In the event of a vacant executive board position, the USG constitution states the position will be fulfilled by the president pro-tempore, or majority leader, of the senate.
In the past, Sundstrom said the vice president and other executive members were included in executive meetings with the president and adviser to “create a more collaborative space.” Sundstrom said that is not the way USG decided to move forward this year.
According to Joe VanGostein, USG president and Gabelli School of Business at Lincoln Center ’22, vice presidents can be invited to these meetings, but it is not a constitutional requirement.
“We decided that this year it would just be president and advisor as allowed by the constitution,” VanGostein said.
The board is reviewing USG’s constitution and will be meeting next week to decide how to move forward.
Dorothy Wenzel, senior director for the Office of Student Involvement (OSI) and adviser to USG, said she will be supporting the student leaders with their recruitment process to fill the vacant position, though she cannot give any specifics at this time. According to Wenzel, the board is reviewing USG’s constitution and will be meeting next week to decide how to move forward.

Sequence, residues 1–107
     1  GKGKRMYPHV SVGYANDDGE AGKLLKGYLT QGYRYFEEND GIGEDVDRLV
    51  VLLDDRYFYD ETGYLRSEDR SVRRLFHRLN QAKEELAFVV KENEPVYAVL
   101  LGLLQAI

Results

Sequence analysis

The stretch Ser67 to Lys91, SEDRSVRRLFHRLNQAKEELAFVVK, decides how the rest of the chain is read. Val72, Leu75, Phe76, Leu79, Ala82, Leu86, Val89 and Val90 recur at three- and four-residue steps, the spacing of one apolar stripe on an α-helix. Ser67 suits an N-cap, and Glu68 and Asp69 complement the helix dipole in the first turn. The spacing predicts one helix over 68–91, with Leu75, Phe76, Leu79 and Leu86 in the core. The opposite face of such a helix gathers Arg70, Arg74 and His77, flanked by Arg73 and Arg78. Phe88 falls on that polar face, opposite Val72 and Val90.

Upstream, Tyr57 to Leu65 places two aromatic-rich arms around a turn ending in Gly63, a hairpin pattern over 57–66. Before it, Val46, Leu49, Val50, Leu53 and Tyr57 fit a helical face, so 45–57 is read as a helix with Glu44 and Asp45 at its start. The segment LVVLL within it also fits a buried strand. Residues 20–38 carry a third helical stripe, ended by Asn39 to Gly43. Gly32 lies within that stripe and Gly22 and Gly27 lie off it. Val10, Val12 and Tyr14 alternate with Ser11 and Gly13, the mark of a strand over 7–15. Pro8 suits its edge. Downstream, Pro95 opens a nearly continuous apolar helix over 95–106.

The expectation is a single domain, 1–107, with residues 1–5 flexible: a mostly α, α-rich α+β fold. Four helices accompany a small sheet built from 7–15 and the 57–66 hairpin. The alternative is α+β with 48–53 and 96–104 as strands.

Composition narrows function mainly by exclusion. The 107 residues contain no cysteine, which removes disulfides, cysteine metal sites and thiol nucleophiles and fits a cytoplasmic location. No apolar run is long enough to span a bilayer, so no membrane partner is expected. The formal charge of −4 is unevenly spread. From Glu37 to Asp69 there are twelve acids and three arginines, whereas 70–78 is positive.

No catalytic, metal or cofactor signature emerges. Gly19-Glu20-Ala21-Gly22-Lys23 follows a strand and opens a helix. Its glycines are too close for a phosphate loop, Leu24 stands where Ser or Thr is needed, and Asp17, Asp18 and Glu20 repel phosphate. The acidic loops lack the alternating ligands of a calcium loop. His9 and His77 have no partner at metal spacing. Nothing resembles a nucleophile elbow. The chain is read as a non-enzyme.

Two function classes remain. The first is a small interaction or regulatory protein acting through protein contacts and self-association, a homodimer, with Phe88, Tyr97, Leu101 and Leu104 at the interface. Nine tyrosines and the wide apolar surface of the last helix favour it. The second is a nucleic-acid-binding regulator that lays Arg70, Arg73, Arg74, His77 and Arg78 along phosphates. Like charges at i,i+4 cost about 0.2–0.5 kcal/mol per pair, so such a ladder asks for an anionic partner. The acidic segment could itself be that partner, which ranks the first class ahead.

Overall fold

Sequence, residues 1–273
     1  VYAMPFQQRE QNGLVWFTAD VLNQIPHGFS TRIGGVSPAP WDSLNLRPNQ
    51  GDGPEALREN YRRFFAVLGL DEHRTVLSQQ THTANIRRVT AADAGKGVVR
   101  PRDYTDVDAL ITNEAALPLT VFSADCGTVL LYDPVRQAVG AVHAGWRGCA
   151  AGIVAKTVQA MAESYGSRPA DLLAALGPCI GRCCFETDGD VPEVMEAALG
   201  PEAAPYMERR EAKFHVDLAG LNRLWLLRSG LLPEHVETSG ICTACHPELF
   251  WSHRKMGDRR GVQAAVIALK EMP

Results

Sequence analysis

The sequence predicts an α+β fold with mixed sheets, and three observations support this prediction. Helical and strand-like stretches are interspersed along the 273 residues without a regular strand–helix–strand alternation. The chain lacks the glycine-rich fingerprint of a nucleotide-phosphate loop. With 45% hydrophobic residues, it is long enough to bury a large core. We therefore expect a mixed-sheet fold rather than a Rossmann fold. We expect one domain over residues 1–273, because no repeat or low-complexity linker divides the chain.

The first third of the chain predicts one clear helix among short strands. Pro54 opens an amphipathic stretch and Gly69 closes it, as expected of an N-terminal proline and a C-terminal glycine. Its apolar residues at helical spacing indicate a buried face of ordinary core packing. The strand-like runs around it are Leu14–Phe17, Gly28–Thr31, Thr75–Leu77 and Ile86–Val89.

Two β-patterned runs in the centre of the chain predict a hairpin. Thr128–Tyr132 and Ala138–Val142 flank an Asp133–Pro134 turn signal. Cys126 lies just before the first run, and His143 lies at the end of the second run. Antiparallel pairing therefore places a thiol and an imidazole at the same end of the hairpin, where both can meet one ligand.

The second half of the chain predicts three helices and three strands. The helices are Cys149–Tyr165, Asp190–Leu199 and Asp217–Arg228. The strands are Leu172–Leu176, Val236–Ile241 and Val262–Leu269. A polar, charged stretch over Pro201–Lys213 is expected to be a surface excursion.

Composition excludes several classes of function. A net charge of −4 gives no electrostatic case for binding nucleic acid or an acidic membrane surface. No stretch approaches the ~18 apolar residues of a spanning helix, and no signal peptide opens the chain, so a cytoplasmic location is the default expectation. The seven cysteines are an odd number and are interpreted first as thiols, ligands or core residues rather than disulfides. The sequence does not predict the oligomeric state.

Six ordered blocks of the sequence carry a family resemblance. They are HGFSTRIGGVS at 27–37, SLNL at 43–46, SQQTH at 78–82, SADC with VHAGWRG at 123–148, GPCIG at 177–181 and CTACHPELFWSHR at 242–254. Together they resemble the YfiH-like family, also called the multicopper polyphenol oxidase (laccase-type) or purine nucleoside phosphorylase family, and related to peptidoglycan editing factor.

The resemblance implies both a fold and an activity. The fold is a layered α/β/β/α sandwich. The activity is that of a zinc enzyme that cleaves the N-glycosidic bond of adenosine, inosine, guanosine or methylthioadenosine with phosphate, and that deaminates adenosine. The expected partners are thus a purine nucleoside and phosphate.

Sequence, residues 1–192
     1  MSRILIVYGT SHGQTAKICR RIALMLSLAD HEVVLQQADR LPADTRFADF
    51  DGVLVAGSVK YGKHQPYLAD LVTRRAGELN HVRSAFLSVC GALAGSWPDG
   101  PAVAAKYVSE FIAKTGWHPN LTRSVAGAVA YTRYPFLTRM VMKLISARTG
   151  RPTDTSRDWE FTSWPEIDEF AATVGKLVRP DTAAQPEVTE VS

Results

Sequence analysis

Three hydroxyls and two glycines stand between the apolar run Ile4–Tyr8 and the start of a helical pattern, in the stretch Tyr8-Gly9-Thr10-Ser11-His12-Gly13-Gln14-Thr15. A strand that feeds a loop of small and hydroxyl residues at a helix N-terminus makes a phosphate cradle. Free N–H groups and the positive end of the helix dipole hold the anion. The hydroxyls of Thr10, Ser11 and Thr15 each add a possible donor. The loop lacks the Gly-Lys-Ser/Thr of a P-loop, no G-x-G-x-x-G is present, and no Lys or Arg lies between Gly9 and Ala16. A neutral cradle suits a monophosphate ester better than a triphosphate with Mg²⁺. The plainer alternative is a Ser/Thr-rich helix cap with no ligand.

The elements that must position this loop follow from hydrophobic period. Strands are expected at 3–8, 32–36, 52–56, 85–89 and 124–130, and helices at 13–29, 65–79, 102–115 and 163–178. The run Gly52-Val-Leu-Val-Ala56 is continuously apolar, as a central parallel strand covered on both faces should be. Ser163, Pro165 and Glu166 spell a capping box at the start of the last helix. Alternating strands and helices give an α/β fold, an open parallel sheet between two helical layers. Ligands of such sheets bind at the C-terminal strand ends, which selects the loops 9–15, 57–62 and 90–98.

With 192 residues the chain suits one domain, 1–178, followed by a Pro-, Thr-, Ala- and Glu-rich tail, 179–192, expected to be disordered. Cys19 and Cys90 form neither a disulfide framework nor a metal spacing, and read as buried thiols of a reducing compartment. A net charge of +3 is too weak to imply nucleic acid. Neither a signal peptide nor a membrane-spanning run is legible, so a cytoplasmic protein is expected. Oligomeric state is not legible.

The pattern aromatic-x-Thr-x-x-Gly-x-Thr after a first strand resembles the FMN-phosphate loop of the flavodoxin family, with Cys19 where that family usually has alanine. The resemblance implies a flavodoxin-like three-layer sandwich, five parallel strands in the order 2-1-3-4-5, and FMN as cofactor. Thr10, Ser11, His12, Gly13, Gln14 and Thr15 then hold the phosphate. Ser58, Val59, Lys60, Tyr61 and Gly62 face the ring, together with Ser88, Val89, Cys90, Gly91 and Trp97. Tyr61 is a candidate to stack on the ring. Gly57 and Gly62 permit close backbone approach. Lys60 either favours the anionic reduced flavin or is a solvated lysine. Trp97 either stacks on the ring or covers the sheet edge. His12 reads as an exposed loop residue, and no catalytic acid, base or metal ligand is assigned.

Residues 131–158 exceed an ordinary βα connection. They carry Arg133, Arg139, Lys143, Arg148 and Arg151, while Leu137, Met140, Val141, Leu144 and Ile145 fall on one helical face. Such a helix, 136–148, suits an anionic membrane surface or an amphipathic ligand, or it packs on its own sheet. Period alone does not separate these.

VanGostein said he looks forward to continuing to serve the student body with a new vice president.
“The role of USG VP is a very demanding and complex one. Robert decided that role was no longer for him,” he said. “I wish him more success in his future endeavors.”
“I didn’t want to leave, but I felt like I needed to.”Robert Sundstrom, FCLC ’22
The resignation of Sundstrom as vice president went into effect on Oct. 1. When he announced his resignation the day before, he said he was nervous about the announcement but that many USG members were supportive of him.
“I didn’t want to leave, but I felt like I needed to,” he said. “A lot of people indicated they were sad to see me go but expressed that they understood my reasons.”
Sundstrom said that after the meeting he wished VanGostein luck, who expressed his gratitude toward him for their work together.
“I always support every student to make a decision based on what is going to be best for them, so I support Robert in his decision.”Dorothy Wenzel, senior director for the Office of Student Involvement